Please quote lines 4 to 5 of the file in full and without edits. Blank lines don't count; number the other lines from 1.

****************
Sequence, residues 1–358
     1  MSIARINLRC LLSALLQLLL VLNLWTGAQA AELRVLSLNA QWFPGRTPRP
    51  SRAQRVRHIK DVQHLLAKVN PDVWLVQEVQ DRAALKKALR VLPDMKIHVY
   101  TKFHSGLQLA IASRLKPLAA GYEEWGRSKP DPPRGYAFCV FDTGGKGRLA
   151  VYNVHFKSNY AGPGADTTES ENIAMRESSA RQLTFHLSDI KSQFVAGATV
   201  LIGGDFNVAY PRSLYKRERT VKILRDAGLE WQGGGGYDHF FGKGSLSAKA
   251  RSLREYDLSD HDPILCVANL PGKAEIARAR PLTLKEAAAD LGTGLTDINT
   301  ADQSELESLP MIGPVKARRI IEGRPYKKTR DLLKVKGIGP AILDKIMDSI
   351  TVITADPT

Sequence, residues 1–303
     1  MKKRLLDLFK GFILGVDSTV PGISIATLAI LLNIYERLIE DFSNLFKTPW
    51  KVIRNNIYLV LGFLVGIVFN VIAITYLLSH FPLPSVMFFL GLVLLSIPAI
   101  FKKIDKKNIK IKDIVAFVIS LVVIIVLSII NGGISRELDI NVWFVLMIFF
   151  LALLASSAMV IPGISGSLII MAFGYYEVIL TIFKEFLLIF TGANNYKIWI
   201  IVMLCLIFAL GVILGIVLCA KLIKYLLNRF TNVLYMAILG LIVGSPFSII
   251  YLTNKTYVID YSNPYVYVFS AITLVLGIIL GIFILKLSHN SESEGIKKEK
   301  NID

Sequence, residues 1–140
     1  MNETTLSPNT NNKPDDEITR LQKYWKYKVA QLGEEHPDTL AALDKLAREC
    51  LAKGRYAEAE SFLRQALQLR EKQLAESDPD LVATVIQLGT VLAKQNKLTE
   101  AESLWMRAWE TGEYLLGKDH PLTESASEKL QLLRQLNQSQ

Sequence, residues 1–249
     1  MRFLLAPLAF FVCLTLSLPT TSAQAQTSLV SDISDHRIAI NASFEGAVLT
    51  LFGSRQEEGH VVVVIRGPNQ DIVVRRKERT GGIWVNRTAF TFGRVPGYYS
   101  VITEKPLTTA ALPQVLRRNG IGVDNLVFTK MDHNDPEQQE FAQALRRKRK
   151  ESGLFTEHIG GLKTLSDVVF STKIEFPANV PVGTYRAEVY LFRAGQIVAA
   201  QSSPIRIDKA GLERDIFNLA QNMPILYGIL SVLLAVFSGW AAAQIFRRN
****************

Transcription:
   101  TKFHSGLQLA IASRLKPLAA GYEEWGRSKP DPPRGYAFCV FDTGGKGRLA
   151  VYNVHFKSNY AGPGADTTES ENIAMRESSA RQLTFHLSDI KSQFVAGATV